Eight years ago Jimmy Piersall lay in the violent room of the Westborough State Hospital near Boston and reflected on a water tower he could see from his window. "There it stood," he wrote later in his book Fear Strikes Out, "high and solid, almost majestic, and, more than anything else, normal.... That's what I want to be—normal and commonplace—an average guy. I don't ever again want to be different."
During recent weeks, Jimmy Piersall, now center fielder for the Cleveland Indians, has been at various times sensational, irritating, colorful, heroic and comical, but the one thing he has not been is commonplace. As a player this season he has hit eight home runs, has stolen nine bases, has hit well over .300 and has made unbelievable catches (see page 30). He has played daring, aggressive baseball and his obvious desire to win has kept the Indians alert. "We'd be dead without him," said Frank Lane, Cleveland general manager.
As a personality, currently the most controversial in the game, Piersall this season has argued fiercely with umpires and catchers, has been tossed out of a game and fined, has thrown an orange and a baseball at Bill Veeck's fancy scoreboard, has sprayed insecticide at flying bugs in the outfield during a game, has been bombarded by paper clips, firecrackers and flashlight batteries from the stands, has tossed bats, gloves, batting helmets and even a metal bucket from the dugout onto the field, has been called unfortunate names by fans and has, at least once, broken down in tears in the clubhouse.
For seven years after his release from the hospital, most of which time he was with the Boston Red Sox, Jimmy Piersall emulated his water tower. His play, while good, was comparatively subdued. Last year he was traded to Cleveland and spent much of the season sitting in the obscurity of the bullpen (which he prefers to the dugout). Now, as the result of his fine play and his extraordinary antics, Piersall's name has been in big print. Some newspapermen insist that this is exactly what Piersall wants, that his wild acts are publicity gimmicks. "You'll notice that he saves his best shows for the big weekend and holiday crowds," said one writer. But one of Piersall's teammates pointed out, not without logic, that a person as high-strung as Piersall naturally would be more subject to tantrums in front of large crowds.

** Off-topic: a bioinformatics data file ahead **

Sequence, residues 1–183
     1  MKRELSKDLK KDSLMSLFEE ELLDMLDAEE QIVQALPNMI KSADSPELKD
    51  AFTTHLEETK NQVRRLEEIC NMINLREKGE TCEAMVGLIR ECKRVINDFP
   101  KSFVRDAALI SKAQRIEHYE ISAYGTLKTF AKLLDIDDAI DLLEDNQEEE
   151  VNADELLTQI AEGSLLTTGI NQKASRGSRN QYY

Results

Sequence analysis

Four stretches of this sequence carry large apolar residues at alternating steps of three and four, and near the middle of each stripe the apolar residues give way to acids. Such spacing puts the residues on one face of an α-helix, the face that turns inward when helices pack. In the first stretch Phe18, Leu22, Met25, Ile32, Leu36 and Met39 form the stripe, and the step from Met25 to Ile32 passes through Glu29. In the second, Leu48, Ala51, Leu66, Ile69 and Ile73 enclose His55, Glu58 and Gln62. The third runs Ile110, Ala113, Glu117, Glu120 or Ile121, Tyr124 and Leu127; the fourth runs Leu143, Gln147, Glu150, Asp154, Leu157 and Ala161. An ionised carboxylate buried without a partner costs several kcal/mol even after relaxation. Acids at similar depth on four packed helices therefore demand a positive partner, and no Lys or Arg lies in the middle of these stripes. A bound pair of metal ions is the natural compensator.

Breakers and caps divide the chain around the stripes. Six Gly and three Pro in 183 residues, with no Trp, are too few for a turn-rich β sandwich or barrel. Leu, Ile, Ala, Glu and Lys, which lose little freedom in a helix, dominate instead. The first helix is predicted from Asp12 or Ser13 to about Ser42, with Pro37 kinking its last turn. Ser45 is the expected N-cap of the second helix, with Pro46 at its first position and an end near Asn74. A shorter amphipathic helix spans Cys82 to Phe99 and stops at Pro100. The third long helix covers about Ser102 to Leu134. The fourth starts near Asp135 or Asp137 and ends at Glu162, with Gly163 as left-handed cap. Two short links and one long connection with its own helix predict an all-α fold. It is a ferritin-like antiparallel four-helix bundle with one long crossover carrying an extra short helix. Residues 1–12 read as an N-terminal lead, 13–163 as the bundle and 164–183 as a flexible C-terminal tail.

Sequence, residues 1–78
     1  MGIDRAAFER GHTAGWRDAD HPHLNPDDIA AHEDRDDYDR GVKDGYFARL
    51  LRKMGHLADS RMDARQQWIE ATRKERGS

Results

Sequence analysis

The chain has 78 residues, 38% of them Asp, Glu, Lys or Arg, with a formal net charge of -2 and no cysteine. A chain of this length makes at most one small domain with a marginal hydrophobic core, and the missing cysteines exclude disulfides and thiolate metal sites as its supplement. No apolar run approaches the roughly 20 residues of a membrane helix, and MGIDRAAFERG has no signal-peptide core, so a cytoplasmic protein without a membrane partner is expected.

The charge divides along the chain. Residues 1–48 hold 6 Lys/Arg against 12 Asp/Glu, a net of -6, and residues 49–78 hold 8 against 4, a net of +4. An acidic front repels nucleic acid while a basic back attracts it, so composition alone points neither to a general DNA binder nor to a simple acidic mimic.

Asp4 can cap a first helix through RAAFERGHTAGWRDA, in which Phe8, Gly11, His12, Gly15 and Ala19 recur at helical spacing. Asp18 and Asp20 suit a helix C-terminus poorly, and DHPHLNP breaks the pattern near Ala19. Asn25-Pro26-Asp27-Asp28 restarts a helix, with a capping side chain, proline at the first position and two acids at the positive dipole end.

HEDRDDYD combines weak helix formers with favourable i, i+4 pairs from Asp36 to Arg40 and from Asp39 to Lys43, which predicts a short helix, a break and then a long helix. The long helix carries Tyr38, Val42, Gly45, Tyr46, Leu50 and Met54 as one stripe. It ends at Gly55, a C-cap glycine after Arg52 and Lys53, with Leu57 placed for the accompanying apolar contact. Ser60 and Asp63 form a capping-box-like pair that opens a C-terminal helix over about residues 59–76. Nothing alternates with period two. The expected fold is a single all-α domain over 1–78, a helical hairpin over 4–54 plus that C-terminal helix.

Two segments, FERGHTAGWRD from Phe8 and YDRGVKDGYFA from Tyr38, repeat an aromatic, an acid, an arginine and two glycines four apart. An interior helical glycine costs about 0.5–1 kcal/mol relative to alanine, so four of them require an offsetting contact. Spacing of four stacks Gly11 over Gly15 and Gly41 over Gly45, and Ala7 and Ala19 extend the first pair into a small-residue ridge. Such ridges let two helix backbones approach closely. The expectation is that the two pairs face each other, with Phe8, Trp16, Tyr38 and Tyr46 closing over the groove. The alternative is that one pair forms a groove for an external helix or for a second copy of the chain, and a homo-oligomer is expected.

Jimmy Piersall is 30 years old, is married and has seven children and a fine home in Newtonville, Mass. He is a handsome man, trim and well groomed, with flashing brown eyes. Smiling, he is the most friendly looking player in baseball. But when he grows tense, the smile disappears and the lower jaw tightens, revealing clenched teeth. His eyes grow hard and he does not look friendly at all.
Last week in New York, over a breakfast of fried eggs and sausages, which, in his enthusiasm to talk, he barely ate, Jimmy Piersall discussed his play this season, his recent antics and the problems he confronts.
"This story ought to begin in spring training," he said, pushing aside his plate. "You know I didn't get to play much last year. During the winter I asked Bucky Harris, the general manager of the Red Sox, if he couldn't make a trade to get me back to Boston. Of course, my home is there, my wife Mary and the kids. Let me give you their names because people like to read about families: there's Eileen—she's 9—Doreen, 8, Claire, 7, Jimmy Jr., 6, Maura Ann, 4, Kathleen, 2�, and Ann, 8 months. So Harris agreed he'd try to make a deal. Later Frank Lane told me Cleveland offered me in a trade to Harris but that Harris said he didn't want me. I just mention this to show you how I was feeling this spring. On the plane to Arizona I sat with Billy Jurges, the Red Sox manager. I told Jurges that if I didn't do well this year I was going to quit.
"Out in Arizona—I was there a week early, by the way—I practiced hitting against the pitching machine. I tried to hit ground balls instead of fly balls. [ Manager Joe Gordon of the Indians calls this "curing Piersall's Fenway Park swing."] When the exhibition games started, I was hitting line drives. Even the outs were line drives. Bill Rigney told me I looked good. Joe Gordon said the center-field job was mine until I proved I couldn't handle it.
"Then along comes Bond [Rookie Walter Bond]. He's 6 feet 6 and hits them a mile. I couldn't compete with that. I mean, I'm trying to hit ground balls and he's hitting home runs. I was sick. He wasn't a center fielder, not by a long shot, but he got the job. It's tough to lose your job that way. But I worked hard and stayed ready."
Just before the season began, the Indians traded Rocky Colavito for Harvey Kuenn. On Opening Day, Kuenn played center, Bond played right and Piersall sat in the bullpen. There was no score for 10 innings. Then in the top of the 11th the Tigers scored twice. In the bottom of the 11th, the Indians loaded the bases with two out. Gordon signaled to the bullpen for Piersall to come in and pinch hit.